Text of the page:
World-first Facility will Change the Way We Design and Construct Major Infrastructure

High performance shaking tables and deep soil pit will cut financial and environmental costs whilst ensuring resilience of high-value infrastructure 

Image Credit: UKCRIC

The new UKCRIC Soil-Foundation-Structure Interaction (SoFSI) facility is a one-of-a-kind facility that promises to deliver major cost savings and reduce the carbon cost of high-value infrastructure projects such as High Speed 2 (HS2), bridges and offshore wind farms.  

The centre officially opens tomorrow, Thursday 27 January.

The University of Bristol received £12 m from the Engineering and Physical Sciences Research Council (EPSRC) for the construction of the SoFSI Laboratory at its Langford Campus to enable large, close to prototype scale experiments for use by both academics and industry. 

The SoFSI facility looks at how buildings and infrastructure interact with the ground when subjected to dynamic loads. The laboratory houses a four-metre (6 m x 5 m x 4 m) deep soil pit for testing foundations, a 50-ton capacity biaxial shaking table for dynamic testing of structures, and a smaller, high-performance, six-axis shaking table.  

The large-scale test lab will allow researchers and industry to investigate how foundations, dynamic loading and soil interact so they can identify more efficient building methods and significantly improve the safety of future infrastructure. This research will inform the design of smart solutions to improve the resilience of such infrastructure, and, crucially, the cost-efficiency of construction.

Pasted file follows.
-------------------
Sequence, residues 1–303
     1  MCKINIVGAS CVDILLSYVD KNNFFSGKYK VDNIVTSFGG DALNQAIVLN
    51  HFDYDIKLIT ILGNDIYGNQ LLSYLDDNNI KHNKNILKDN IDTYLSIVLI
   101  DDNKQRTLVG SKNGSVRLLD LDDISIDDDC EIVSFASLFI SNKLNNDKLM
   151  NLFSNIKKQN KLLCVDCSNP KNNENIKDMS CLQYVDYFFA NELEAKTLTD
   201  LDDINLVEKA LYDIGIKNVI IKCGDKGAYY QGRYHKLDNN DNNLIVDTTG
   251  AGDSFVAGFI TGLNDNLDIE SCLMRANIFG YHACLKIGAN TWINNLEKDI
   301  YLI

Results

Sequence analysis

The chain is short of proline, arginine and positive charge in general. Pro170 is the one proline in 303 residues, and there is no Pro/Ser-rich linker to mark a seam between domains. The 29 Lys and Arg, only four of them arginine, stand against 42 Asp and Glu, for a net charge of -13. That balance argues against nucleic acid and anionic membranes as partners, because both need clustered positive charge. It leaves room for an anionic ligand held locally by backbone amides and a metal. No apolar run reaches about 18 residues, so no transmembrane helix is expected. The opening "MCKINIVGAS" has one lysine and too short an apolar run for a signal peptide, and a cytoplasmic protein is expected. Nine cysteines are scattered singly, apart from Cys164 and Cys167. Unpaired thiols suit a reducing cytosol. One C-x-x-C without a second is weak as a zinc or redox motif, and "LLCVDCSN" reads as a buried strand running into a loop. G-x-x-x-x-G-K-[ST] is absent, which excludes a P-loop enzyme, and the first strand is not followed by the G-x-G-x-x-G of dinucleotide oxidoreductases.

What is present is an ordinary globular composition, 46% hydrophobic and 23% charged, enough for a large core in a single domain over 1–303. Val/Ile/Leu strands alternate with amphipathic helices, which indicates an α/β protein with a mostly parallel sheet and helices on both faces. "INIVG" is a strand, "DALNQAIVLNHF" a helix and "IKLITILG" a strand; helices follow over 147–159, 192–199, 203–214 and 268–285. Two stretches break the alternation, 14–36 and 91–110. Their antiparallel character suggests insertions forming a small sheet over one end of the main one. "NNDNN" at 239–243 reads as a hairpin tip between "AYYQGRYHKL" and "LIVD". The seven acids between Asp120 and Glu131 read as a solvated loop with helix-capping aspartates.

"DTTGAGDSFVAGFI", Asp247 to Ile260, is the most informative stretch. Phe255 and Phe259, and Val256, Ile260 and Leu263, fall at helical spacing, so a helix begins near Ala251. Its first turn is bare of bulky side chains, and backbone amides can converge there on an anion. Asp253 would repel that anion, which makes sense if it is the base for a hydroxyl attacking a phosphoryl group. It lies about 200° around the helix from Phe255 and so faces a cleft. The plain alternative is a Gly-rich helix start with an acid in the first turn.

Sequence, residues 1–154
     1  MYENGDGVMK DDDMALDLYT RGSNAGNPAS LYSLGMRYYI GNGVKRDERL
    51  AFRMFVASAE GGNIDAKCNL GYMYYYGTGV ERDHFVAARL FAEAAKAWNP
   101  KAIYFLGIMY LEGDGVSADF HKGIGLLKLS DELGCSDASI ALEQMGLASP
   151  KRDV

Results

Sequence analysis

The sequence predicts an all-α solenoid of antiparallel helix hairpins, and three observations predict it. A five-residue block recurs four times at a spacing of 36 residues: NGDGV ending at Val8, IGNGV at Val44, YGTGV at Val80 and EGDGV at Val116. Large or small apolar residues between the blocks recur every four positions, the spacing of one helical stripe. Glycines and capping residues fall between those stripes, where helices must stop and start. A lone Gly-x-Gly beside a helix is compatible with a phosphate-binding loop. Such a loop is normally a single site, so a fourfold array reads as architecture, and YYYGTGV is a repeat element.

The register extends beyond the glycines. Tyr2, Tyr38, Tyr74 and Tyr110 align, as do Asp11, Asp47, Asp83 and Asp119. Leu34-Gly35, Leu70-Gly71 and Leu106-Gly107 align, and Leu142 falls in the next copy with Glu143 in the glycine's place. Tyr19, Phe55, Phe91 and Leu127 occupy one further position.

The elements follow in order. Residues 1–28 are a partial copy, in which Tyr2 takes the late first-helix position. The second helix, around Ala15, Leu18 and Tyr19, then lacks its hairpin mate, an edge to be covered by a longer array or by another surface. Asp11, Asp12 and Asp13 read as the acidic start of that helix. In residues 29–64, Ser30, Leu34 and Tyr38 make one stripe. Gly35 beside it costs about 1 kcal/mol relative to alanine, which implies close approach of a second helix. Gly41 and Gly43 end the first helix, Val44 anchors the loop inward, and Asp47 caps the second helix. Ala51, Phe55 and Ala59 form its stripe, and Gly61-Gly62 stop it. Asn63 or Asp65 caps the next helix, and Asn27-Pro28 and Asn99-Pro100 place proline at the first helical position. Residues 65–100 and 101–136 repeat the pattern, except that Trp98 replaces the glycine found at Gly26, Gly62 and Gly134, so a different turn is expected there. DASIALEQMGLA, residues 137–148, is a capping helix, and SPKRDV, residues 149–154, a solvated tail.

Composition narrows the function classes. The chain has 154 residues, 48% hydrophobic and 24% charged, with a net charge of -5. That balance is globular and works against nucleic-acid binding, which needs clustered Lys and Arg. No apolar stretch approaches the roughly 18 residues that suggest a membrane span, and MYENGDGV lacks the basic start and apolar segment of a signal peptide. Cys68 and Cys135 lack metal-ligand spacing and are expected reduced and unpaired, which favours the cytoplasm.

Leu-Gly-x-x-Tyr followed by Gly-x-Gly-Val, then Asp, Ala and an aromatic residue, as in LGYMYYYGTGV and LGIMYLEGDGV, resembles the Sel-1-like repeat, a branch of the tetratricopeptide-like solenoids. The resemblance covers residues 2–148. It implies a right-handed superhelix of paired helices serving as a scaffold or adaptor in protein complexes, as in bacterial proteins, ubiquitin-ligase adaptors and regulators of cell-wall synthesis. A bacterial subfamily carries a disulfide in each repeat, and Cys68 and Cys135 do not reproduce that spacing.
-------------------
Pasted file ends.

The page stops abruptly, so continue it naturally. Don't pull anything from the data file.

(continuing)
The lab has been designed for research into five core areas: nuclear power plant soil-structure interaction, high speed rail, offshore wind turbines, monopiles and pile groups, and integral bridges.  

“Ensuring the long-term safety of critical infrastructure is paramount, particularly when it comes to building nuclear power stations or high-speed rail. The aim of this testing facility is to inform design that is not only safer but also cost-efficient. Investigating how buildings and infrastructure interact with the ground under natural and man-made hazards allows us to improve the smartness and resiliency of our infrastructure while at a lower financial cost and a reduced environmental footprint,” said Professor of Earthquake Engineering, Anastasios Sexos.  

“At the University of Bristol, we’re investing in state-of-the-art testing facilities that will help cut the cost of building the infrastructure of the future. For example, high speed rail will require many new bridges to cross waterways, roads, and other rail lines. SoFSI has been designed to help us understand, among other issues, how the span of lower cost, minimal maintenance integral bridges can be extended so that new high speed railway lines would be faster to construct, cheaper to maintain, more resilient to climate change, and enable us to minimise resource requirements.” said Dr Flavia De Luca, Senior Lecturer in Structural and Earthquake Engineering.

“Investing in our state-of-the-art research facilities within the Faculty of Engineering keeps us at the forefront of global research across a wide range of fields and positions our researchers to support the delivery of carbon net zero,” said Dean of the Faculty of Engineering, Professor Ian Bond. 


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